The mechanism which has just been described in FIGS. 1 to 5 of the drawing offers the following possibilities:

    • The disks (2 and 4) may or may not appear on the dial, that is to say that it is possible to move only one of them or a desired number between 1 and 18 or several groups of disks.
    • The disks (2 and 4) are or are not positioned at the same level as the level (0) of the dial (they may stand out or be inlaid).
    • The design or the decorations of these dials may or may not represent a coherent design.
    • The disks (2 and 4) may be treated galvanically or by all currently known means of dial decoration, i.e. mounted, jewelled, engine-turned, transferred; engraved, cut, etc.
    • The disks (2 and 4) may all be identical transfers or they may be different, grouped by type or not.

The mechanism is constructed to perform the action of disassembling and reconstituting a single design, sign or logo or several designs, signs and logos on the same dial.

The mechanism may control the 12 outer disk (2) in one of the ways cited above, but rotate the 6 inner disks (4) (or only one of these disks) at a speed different from that of the 12 outer disks (2), so as to indicate for example AM/PM by means of coloured disks alternately representing day and night.

The mechanism has the possibility of added to a mechanism with a tourbillon carriage or any other mechanism implying that one or more disks are not used. For example, 8 disks may be removed to allow the tourbillon carriage to pass through.

With regard to the materials used: Depending on the range and quantity of the parts manufactured, the components forming the mechanism (dials, disks (2 and 4), wheels (12, 13), etc.) may be made of machined or injected synthetic materials or machined or injected metal.

According to a preferred mode of execution, the mechanism cited as an example has an external diameter of 30 mm and contains disks visible on the dial side with a diameter of 5.7 mm. The dial has a thickness of 0.4 mm.

Obviously, for the same principle used in a smaller-sized watch, for example a ladies' watch, or a watch of intermediate size, the dimensions of the dial and the disks will be different. Finally, the number of these disks may vary between 1 and 50.

The mechanism may furthermore be used for larger timepieces (ranging from small clocks to floral clocks in squares in large towns).

The series of 6 inner disks (4) may be replaced by 7 disks which indicate the day of the week (Monday to Sunday) and the series of 12 outer disks (2) would indicate the months and the transfer or design of the dial which could comprise the four seasons, the equinoxes and the solstices, etc.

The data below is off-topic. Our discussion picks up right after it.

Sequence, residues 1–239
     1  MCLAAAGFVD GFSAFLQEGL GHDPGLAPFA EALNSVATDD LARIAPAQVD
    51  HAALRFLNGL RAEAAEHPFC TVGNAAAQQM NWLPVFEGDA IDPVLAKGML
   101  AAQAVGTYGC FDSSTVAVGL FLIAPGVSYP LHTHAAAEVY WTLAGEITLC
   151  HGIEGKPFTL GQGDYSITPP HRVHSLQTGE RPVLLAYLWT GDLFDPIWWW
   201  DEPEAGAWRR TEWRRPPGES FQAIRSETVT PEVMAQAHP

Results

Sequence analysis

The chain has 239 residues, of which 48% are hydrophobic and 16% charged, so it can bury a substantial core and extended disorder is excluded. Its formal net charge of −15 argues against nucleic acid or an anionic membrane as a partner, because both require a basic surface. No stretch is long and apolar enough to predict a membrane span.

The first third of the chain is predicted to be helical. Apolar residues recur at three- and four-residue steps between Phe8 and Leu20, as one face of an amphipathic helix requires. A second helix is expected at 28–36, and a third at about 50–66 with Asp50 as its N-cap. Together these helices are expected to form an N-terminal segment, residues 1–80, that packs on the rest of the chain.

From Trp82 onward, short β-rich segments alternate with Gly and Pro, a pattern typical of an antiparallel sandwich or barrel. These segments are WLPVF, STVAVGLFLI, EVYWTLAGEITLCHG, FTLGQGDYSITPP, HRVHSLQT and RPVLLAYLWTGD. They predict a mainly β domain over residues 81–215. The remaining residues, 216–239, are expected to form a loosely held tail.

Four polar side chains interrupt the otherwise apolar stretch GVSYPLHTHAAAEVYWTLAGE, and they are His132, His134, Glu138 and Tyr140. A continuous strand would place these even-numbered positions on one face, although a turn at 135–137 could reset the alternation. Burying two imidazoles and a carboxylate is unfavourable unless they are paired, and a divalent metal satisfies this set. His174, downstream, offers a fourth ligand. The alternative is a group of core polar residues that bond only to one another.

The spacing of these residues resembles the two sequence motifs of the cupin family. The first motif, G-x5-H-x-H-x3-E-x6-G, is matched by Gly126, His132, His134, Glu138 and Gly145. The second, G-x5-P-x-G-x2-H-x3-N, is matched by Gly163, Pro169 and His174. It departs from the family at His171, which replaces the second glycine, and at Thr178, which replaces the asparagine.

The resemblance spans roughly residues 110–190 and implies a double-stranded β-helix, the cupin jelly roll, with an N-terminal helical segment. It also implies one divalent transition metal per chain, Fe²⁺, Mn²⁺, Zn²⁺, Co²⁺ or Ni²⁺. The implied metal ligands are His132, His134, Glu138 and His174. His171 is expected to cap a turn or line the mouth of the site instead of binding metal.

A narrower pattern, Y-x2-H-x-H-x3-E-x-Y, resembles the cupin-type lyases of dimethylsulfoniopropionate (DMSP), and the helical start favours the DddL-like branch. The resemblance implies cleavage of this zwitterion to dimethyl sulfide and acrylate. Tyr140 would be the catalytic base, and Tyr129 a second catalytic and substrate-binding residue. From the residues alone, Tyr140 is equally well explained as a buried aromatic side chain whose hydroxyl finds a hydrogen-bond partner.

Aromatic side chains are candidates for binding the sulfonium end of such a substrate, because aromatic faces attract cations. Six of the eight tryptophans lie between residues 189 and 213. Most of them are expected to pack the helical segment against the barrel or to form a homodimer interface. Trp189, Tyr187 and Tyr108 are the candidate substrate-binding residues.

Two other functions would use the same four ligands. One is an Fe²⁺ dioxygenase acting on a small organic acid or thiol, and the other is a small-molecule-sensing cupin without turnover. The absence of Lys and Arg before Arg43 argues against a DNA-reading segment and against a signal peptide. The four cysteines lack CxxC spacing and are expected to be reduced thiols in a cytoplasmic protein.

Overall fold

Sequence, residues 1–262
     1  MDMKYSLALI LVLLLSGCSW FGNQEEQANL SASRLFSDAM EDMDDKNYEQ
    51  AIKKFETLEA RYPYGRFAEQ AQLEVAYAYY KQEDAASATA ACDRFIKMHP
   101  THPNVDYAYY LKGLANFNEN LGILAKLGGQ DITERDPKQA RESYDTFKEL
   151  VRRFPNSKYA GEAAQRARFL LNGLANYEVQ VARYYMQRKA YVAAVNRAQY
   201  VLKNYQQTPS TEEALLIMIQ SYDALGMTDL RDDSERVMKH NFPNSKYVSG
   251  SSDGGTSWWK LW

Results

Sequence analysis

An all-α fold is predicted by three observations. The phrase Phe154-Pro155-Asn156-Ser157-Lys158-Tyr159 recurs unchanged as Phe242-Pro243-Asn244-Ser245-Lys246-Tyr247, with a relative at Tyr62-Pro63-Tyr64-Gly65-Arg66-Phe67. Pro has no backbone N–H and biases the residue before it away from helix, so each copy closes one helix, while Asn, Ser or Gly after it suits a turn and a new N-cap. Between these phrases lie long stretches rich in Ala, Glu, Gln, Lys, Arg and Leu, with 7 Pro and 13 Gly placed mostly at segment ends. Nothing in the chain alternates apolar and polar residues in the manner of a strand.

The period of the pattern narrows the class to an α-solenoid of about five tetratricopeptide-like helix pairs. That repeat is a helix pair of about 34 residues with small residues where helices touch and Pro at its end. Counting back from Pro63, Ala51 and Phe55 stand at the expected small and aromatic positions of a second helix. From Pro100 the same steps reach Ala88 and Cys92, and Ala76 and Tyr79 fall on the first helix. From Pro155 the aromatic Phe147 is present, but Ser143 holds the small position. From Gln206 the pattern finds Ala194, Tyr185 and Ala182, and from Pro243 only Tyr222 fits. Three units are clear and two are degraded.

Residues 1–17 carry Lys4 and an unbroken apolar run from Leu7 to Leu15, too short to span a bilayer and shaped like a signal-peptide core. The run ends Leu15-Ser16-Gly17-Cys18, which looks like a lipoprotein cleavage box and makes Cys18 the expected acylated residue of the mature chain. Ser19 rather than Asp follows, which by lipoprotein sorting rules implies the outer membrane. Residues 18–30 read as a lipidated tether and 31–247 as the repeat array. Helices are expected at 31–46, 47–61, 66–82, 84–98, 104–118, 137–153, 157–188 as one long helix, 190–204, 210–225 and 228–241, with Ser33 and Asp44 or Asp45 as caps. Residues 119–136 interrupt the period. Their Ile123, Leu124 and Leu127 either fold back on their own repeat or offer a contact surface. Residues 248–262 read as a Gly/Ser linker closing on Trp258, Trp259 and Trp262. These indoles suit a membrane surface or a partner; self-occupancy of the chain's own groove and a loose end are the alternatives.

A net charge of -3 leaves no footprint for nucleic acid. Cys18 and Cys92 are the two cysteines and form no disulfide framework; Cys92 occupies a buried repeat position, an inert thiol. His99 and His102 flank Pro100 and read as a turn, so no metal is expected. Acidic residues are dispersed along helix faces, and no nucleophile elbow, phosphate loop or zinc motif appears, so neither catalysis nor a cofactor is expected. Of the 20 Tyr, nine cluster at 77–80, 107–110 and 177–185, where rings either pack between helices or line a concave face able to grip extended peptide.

According to a variant of the mechanism, it is possible cover the gears of the 18 mobiles (12, 13) of the module shown in FIG. 4 with a plate. This plate then comprises 18 holes of small diameter positioned on the axes of rotation of the 18 wheels enabling pins to come out through the holes to move objects attached to their end. These objects may take the form of small plates of various shapes (all possible geometrical shapes) with the aim either of animating parts in three dimensions or using them as “covers” for the lower plate. These shapes may give the impression of being actuated by each other. For example, with half-circles alternately showing “hearts” and “spades”, the whole dial can be decorated alternately with “hearts” and “spades”.

These parts added at the end of the pins may be shapes capable of passing from one part to another a precious stone mounted in a cylindrical cap so that this stone indicates the minute. If 12 disks complete one revolution in 10 minutes, or one half-turn in 5 minutes, they carry the stone from one module to another along a gallery milled in the basic dial in 12×5 minutes=60 minutes.

Finally, it is possible for the disks required to be rotated not to be located in the same parallel plane as the plane in which the hours and minutes are indicated. For example, it is possible to imagine a conical bezel with disks arranged in a circular fashion in the plane of the cone and, in order to operate the small disks in another plan, their being linked with a carbon fibre cable or equivalent.